Hazelnut tree (Corylus avellana) are deciduous trees that thrive in U.S. Department of Agriculture plant hardiness zones 4 through 9. The trees have a fast growth rate and reach heights of 15 to 40 feet with a spread of 10 to 12 feet. It is multi-trunk tree that is often pruned down to a single trunk.
Hazelnut tree have a distinct flavor and there are many varieties that are roasted or eaten raw. Knowing when to expect a crop is helpful for planning hazelnuts into your culinary experience.
Years to Production
A newly planted hazelnut tree does not start producing a nut crop until the tree becomes established. A first hazelnut crop can be expected within two to five years of planting the tree.
The initial crops are usually small, but as the tree matures, the crops increase in size. A mature hazelnut tree can produce up to 25 pounds of nuts in a single year. Once a tree begins to produce, you can expect a new crop of hazelnuts each year, up to 50 years.
Key to Production
If a hazelnut tree is older than five years and has yet to produce nuts, the tree is likely missing its mate. Hazelnut trees require cross pollination from a different hazelnut cultivar to produce a nut crop.
You must grow two hazelnut trees with strong genetic differences, one as a pollinator and the other as a producer to get a nut crop. These trees need to be within about 65 feet of each other for cross pollination to take place.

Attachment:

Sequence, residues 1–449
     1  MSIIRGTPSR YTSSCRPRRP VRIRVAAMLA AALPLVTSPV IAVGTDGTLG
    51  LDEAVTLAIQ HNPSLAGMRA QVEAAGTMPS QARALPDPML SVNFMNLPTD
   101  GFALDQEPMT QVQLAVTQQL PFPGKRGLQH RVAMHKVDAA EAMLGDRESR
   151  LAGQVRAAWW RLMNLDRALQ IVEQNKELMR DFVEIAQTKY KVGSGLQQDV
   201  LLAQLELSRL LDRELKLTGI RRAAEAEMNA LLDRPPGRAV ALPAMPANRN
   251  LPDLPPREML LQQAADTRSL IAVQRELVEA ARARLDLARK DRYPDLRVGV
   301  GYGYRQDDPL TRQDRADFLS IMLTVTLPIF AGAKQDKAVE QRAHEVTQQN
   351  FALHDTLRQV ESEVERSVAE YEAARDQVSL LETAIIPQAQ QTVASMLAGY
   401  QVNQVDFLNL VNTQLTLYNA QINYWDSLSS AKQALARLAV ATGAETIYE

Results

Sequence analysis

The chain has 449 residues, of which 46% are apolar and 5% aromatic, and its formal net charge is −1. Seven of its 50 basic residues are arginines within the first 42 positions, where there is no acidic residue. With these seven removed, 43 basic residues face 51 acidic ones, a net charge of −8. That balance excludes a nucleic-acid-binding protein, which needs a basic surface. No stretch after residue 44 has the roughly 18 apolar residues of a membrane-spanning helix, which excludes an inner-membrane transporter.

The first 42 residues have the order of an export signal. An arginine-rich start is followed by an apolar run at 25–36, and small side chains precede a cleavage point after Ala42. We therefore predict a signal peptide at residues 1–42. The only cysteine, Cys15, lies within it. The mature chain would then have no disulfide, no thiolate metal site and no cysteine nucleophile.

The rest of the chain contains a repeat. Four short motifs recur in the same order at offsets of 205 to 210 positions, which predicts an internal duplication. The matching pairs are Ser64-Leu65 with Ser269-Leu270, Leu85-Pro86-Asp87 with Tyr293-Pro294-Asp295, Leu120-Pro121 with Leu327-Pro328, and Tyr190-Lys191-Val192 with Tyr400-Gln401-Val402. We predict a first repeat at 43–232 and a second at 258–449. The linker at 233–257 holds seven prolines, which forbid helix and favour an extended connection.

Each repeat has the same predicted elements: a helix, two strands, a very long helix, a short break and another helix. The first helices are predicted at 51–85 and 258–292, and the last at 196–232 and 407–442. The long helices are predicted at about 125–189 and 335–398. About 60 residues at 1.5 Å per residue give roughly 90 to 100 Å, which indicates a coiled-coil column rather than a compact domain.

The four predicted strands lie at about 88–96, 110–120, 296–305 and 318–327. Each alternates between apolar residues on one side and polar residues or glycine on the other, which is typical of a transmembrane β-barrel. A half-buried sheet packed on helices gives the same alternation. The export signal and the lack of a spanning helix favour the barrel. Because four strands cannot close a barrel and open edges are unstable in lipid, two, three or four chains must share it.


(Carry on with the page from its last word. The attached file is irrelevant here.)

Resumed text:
Pollination and Fertilization
Pollination and fertilization must also take place for your hazelnut tree to begin producing nuts. While most trees bloom and pollinate during the spring, the hazelnut tree is unusual, as it blooms and pollination occurs during the winter.
Despite the need for a different cultivar for fertilization to occur, hazelnut trees bloom with both male and female flower. The male flowers are elongated and yellow, while the female flowers are small and red. Pollen travels on the breeze during the winter to the female flowers of the nut-producing tree.
The pollen is stored there and the tree remains dormant until the spring, when fertilization occurs, signaling the tree to start producing nuts. Once a tree is established, in its second to fifth year, you will begin to notice hazelnuts forming during May.
While they are still growing on the tree, hazelnuts are green. As the nuts mature, they begin to turn brown. Hazelnuts signify that they are ready for harvest by falling from the tree.
Nuts begin to fall from the tree as early as August but are generally ready for harvest during September and October. Due to its dense canopy and blockage of sunlight, hazelnut trees usually have very little turf grass growing beneath them, making it easier to spot and harvest nuts as they fall to the ground.